BTW, here's a great breakdown and examination of "More Than A Feeling"...
Any clues as to what will be in OS 8.0?
Since you jumped to a major revision, that would indicate some relatively major updates.
As mentioned, I did add a new section to RockmanCentral.com under The Boston Sound about Tom's Original Basement Studio with some interesting and rare photo's from back in the day.
When I get more time, I'll add another page with info and photo's of his current studio...
Just for fun I took out my old Rockman II B from my "good-to-have-box" .....
inserted 8 AA batteries and it sprung to life
Everything works except "Echo" ..... ( Good when profiling ? )
Tried to profile "Clean 1" without chorus, but no good result
Maybe the built in compressor is to blame
Profiling "Dist" went better
Uploaded to RE , rig name "Rockman II B Dist 2"
Check it out and hear if it´s good or crap
I found that by running my Rockman directly into my sound board and applying a little EQ'ing on the board while listening through my reference monitors (a pair of Bose bookshelf speakers), I get profiles that require less tweaking. Creating profiles that are more low frequency centered and others that are more high frequency centered are very useful when blending rhythm tracks while multitracking. They also help force you to multitrack parts for natural chorusing, with all the subtleties of timing differences and random phase cancellations, rather than relying on studio effects to simulate that.
Topjimis Boston pack is really cool, but it sounds nothing like the Rockman, He uses Marshalls. Check out the vid. If you want Rockman sounds, you may not get them from the Kemper, especially the chorus. Rockman units are very special pieces of music history. I wish I still had my Stereo Echo and Delay/Chorus units.
Jimi was mostly going after the first 2 album's sounds with his Boston pack, though I think he does include some profiles of a Rockman Sustainor too.
The original Boston pack he put out was OK, but not really that accurate to the records. The new pack that he put out is much closer because he took the time to do his homework and really tried to replicate it using some of the original equipment Tom used.... wah pedal, same microphone, etc.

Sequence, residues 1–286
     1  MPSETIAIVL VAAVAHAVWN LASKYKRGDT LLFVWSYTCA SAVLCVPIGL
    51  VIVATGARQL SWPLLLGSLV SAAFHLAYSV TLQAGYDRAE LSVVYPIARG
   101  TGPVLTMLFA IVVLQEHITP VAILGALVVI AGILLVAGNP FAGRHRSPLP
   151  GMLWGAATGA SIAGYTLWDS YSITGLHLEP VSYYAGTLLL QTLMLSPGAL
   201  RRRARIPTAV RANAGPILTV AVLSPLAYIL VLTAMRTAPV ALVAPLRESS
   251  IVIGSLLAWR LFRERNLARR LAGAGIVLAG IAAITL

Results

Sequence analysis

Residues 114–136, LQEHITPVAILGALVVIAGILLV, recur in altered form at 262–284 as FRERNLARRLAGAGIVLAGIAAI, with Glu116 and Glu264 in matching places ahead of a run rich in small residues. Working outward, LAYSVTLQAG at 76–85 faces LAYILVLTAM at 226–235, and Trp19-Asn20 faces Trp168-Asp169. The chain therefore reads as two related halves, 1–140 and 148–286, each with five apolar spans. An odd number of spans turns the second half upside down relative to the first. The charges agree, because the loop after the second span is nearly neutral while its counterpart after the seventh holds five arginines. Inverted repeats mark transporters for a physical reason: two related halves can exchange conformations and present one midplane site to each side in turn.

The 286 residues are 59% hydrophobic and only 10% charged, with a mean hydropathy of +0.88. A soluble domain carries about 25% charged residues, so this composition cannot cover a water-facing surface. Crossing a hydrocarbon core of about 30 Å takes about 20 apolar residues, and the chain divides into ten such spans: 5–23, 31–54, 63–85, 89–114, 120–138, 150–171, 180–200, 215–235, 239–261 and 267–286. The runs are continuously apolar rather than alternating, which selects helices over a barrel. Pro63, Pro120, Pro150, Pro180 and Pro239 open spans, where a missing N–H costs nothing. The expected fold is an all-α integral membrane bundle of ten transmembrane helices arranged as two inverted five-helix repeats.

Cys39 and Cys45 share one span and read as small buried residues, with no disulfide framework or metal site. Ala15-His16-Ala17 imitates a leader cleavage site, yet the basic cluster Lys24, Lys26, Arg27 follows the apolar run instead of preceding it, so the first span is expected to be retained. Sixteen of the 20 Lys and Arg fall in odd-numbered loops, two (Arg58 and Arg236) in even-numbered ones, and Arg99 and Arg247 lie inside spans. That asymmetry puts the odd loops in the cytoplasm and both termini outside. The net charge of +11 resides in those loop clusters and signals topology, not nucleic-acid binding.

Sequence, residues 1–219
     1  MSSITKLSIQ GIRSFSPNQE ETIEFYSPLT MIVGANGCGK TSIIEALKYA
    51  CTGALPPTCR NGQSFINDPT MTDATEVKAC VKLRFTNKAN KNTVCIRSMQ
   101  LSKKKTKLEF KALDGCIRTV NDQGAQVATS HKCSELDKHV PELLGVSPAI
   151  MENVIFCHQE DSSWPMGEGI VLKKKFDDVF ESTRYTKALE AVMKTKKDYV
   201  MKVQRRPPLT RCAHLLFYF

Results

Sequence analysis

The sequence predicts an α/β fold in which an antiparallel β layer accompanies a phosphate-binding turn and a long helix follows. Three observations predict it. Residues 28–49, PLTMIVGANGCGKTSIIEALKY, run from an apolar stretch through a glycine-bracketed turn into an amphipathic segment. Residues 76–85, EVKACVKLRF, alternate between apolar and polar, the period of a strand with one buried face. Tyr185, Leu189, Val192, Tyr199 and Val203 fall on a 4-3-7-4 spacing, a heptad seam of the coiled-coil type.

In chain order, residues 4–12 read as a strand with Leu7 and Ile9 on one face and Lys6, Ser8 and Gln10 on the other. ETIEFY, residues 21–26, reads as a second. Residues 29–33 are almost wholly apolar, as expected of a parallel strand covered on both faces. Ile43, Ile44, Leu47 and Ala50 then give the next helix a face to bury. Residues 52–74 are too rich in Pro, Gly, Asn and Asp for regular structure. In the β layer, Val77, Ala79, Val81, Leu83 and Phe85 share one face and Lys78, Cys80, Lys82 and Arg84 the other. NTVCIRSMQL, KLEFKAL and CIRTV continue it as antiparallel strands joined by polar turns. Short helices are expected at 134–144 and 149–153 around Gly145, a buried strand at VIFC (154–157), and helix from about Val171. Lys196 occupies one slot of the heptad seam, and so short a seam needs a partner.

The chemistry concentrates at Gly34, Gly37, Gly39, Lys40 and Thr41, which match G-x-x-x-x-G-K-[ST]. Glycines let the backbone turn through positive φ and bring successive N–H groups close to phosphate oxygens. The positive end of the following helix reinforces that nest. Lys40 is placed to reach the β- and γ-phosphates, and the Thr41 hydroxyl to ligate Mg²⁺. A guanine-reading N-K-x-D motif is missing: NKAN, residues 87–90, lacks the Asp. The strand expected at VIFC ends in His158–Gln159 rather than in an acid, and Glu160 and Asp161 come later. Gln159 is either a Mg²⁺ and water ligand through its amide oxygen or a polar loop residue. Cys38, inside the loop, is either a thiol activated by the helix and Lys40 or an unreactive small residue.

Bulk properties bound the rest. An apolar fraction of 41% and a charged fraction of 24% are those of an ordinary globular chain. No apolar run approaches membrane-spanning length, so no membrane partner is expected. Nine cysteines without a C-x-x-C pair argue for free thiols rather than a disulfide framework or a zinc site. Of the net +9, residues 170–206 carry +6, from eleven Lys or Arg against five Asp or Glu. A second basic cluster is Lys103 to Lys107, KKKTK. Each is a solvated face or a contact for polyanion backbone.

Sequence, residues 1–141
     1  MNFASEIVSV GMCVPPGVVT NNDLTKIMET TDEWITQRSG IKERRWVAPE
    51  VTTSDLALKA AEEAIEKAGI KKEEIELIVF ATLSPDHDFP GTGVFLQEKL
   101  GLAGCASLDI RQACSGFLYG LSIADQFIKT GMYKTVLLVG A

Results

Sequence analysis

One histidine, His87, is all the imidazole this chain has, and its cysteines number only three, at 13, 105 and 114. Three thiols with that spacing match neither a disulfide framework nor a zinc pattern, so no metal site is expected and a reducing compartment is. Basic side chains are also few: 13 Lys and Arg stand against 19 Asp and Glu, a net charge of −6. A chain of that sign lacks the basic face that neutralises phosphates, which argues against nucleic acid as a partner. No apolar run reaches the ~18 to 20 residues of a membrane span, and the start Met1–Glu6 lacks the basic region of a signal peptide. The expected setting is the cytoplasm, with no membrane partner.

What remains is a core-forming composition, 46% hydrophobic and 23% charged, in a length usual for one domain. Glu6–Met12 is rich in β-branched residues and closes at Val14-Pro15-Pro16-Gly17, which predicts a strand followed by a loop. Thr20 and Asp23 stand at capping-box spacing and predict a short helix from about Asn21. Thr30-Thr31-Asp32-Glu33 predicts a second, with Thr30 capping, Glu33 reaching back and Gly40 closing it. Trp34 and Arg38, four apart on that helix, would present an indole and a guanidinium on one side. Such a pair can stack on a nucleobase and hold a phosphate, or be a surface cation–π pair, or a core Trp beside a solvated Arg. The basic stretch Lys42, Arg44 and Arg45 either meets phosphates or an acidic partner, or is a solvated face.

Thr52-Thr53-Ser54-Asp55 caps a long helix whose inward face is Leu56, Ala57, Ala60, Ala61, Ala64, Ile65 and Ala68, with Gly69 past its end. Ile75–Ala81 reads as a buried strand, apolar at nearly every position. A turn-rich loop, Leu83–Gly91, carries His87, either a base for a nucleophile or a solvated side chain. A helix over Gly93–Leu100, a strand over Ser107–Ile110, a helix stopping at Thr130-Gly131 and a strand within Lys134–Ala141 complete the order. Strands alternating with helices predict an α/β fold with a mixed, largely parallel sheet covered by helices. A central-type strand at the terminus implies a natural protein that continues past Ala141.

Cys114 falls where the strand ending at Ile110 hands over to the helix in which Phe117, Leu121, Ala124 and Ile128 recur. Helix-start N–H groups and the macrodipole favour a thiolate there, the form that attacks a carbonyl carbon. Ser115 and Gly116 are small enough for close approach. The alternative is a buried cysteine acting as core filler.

Based on interviews I've read and photo's I have of Tom's original studio, there's still likely a lot of processing that happened that no one will ever be able to replicate exactly, but I'd say that Jimi got close enough. I may add a page to my website, RockmanCentral.com, about Tom's studio's (past and present). I have some great photo's from the past and present that would probably be interesting to those that are curious about his tones.
FWIW, Tom does still use his old Marshall setup as well as another with a Mesa Boogie (I think, could be mistaken) for certain parts. But mostly, he just uses a special revision of the Model 200 Rockman Sustainor called a "Rev 20" and some other devices he invented for personal use to add more rough texture to the normally smooth Rockman distortion tones. Very few Rev 20's were made because they were extensively hand modified at the factory and sound quite different than a regular stock Sustainor. My Kemper profiles that I use were created from a Rev 20 using some of Tom's EQ settings from his studio that I tweaked a bit during the profiling process and again in the rigs I use them on.
Listen to RockmanCentralBob as he is the Boston man!!
Tom's sound to me is a good example of where the sound on its own is OK but magical in the mix...
Thanks... you are too kind.
I have to agree with your assessment of Tom's sound(s).... (he has a LOT of different sounds he uses).
I've heard isolated tracks from the albums and if I heard someone playing those on their own, I'd be like "Meh".